I remember when I was little and my biggest problem was figuring out what to do for the science fair. I looked for inspiration everywhere. I’m sure today’s kids in my shoes might be inspired to build a time-turner or the TARDIS. That’s the sort of thinking that makes a great scientist, or at least that’s what I’ve concluded from this Technology Tuesday.
Rarely does rocket science and medicine cross paths, but this researcher is smack in the intersection! Michael Goldfarb of Vanderbilt University is trying to design a bionic arm that has more power that current options yet stays true to the natural weight of an arm. Other teams try to use batteries and electric motors to achieve this objective. Not Dr. Goldfarb; he opted for a rocket motor. As in, a mini space-shuttle motor.
Goldfarb’s power source is about the size of a pencil and contains a special catalyst that causes hydrogen peroxide to burn. When this compound burns, it produces pure steam. The steam is used to open and close a series of valves. The valves are connected to the spring-loaded joints of the prosthesis by belts made of a special monofilament used in appliance handles and aircraft parts. —vanderbilt.edu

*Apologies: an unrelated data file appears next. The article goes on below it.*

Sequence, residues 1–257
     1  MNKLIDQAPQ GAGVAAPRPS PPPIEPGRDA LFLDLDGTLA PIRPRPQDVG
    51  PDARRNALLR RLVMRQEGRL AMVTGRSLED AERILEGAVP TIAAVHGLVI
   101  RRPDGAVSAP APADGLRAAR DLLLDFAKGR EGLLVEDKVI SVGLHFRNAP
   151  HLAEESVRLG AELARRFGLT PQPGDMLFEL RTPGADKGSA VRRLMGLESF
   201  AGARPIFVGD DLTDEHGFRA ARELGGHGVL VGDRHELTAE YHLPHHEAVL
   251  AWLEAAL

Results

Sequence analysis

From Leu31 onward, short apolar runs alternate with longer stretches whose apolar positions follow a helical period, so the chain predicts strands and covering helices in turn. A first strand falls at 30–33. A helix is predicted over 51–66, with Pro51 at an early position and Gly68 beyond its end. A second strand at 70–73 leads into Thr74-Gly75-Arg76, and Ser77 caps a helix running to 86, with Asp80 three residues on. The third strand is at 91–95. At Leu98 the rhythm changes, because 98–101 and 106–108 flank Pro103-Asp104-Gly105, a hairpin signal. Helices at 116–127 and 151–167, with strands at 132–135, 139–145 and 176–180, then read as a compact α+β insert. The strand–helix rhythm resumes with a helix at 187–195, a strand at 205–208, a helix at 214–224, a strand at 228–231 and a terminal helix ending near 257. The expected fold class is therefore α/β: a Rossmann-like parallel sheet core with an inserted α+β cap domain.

I don’t know about you, but this guy is starting to sound like Inspector Gadget to me. Clearly, whatever science he’s doing is working because this prototype (as of 2007) could lift 20-25 lbs, which is 3 or 4 times greater than current arms. And the prototype can do it 3 to 4 times faster!
They also threw in a few more feats of engineering by upgrading from the typical two joints (elbow and claw); this model has elbow, wrist, thumb and finger joints. It’s movement closer approximates that of a natural gait. And, the precision with which they make the valves, is so high, that it is beyond our capabilities to measure! (Valve clearances are at 50 millionths of an inch)
I’m guessing Goldfarb has read this book. Maybe it might help inspire another science project!